Originally aired October 27, 2023 on NPR’s Morning Edition.

Mother And Daughter Remember How A Thunderstorm Transformed Their Lives

The odds of being struck by lightning in a given year is less than one in a million, according to the CDC.

But that’s exactly what happened to Donna Salemink the summer of 2014.

Donna was solo parenting her two teenagers in Colorado, when a freak accident altered her life forever. 

She came to StoryCorps with her daughter, Melissa, to remember the split second when everything changed. 

Melissa Salemink and Donna Salemink in Lafayette, Colorado in 2018. Photo courtesy of Donna Salemink.

 

Top Photo: Donna Salemink and Melissa Salemink at their StoryCorps interview in Loveland, Colorado on September 19, 2023. By Zanna McKay for StoryCorps.

This broadcast is supported in part by the Corporation for Public Broadcasting, a private corporation funded by the American people, and the National Endowment for the Arts.

Originally aired October 20, 2023, on NPR’s Morning Edition. 

“I Didn’t Know If I Really Belonged”: A Chickasaw Woman Finds Her Way Back to Oklahoma

Shelby Rowe works in suicide prevention and has dedicated her life to helping people struggling with mental health. But she came to StoryCorps with her best friend, Johnna James, to share her own story of overcoming hardship, and how she found belonging in her Chickasaw roots.

Shelby Rowe working on a commission piece in her home in Oklahoma City, OK, around June of 2018. Courtesy of Shelby Rowe.
Loom-stitched artwork by Shelby Rowe: 21st Century Chickasaw Hatchet Woman, 2020. Used with permission from Shelby Rowe.

 

Top Photo: Shelby Rowe and Johnna James at their StoryCorps interview in Oklahoma City, OK. on July 13, 2023. By Julia Kirschenbaum for StoryCorps.

 

This broadcast is supported in part by the Corporation for Public Broadcasting, a private corporation funded by the American people, and the National Endowment for the Arts.

Originally aired October 13, 2023 on NPR’s Morning Edition.

As Her Memory Dims, One Remarkable Mother Remains A “Beacon of Light”

To mark StoryCorps’ 20th Anniversary we are revisiting classic conversations from the past two decades with updates from the participants.

We end this special series by catching up with one remarkable mother in Minneapolis, Minnesota.

Mary Johnson-Roy and her son, Laramiun Byrd. Courtesy of Mary Johnson-Roy.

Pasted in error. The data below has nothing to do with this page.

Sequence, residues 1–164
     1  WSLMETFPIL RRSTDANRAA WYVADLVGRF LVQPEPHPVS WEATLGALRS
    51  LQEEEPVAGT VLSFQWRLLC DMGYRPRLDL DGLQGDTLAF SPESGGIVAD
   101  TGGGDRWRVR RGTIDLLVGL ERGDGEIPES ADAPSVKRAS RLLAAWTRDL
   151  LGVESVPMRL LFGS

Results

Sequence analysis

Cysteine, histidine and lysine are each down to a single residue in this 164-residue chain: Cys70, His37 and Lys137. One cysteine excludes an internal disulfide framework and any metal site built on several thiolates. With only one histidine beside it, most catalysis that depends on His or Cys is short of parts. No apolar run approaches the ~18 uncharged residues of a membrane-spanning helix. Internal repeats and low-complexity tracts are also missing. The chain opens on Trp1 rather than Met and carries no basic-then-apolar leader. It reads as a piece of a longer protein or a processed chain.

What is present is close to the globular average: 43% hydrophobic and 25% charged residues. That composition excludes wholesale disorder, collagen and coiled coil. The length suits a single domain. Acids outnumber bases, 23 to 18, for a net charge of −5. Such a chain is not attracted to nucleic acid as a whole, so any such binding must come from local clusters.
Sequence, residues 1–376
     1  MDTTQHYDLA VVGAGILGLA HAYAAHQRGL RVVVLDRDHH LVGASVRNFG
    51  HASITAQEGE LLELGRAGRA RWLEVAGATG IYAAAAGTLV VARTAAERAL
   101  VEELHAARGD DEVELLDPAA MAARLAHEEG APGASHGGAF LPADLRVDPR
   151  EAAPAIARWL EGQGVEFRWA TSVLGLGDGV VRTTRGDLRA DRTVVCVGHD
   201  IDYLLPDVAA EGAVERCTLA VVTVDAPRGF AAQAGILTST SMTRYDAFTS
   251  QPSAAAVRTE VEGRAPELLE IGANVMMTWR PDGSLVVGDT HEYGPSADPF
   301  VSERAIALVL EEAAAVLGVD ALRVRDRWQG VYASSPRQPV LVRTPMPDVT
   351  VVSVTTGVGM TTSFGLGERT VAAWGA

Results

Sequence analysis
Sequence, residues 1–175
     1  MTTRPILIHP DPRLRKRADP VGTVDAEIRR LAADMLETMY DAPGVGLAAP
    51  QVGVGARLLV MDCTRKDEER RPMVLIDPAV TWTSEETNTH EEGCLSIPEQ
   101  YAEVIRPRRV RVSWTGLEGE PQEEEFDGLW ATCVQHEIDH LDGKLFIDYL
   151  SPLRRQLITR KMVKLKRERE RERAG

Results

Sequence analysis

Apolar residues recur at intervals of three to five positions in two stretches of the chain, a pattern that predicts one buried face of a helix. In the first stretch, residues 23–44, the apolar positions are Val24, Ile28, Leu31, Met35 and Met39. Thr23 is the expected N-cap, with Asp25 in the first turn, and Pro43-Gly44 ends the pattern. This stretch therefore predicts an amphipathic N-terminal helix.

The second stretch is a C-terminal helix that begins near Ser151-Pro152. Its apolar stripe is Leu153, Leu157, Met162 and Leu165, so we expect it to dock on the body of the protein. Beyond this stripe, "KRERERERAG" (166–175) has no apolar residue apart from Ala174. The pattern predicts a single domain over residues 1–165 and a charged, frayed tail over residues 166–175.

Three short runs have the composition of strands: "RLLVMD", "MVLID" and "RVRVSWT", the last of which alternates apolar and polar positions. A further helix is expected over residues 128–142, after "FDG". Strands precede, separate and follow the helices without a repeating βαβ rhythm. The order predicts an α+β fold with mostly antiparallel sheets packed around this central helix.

Mary Johnson-Roy lost her only child, Laramiun Byrd, to gun violence in 1993.

One night while at a party, Laramiun got into a fight with another teenager named Oshea Israel. The fight ended when Oshea shot and killed Laramiun.

A dozen years later, Mary went to the penitentiary to visit the man who murdered her son.

Oshea Israel and Mary Johnson-Roy in 2011 and in 2023. By Gaspar Caro and Brian Mogren for StoryCorps.

Soon after Oshea finished serving a prison sentence for murder, Mary brought him to StoryCorps to talk about their relationship. We’ll also hear from them 12 years later.

Mary founded From Death to Life, an organization to help families who have lost children to gun violence, and has spent decades running support groups. But she’s had to step back a bit from her life’s work, after being diagnosed with Lewy Body Dementia, a disease with symptoms similar to Alzheimer’s and Parkinson’s.

Mary Johnson-Roy and her husband, Ed Roy, in Minneapolis, Minnesota  in 2023. By Brian Mogren for StoryCorps.

Since her diagnosis in 2021, Mary’s husband, Ed Roy, has been her main caretaker. Ed also had a son who was murdered, in fact that’s how he and Mary met. Here, they share more about Mary’s illness.

Mary’s community is rallying to help cover her medical expenses through a GoFundMe, which can be found here.

Top Photo: Oshea Israel, Mary Johnson-Roy and Ed Roy in Minneapolis, Minnesota in 2023. By Brian Mogren for StoryCorps.

This broadcast is supported in part by the Corporation for Public Broadcasting, a private corporation funded by the American people, and the National Endowment for the Arts.

Originally aired September 29, 2023, on NPR’s Morning Edition. 

First story aired on May 20, 2011 on NPR’s Morning Edition.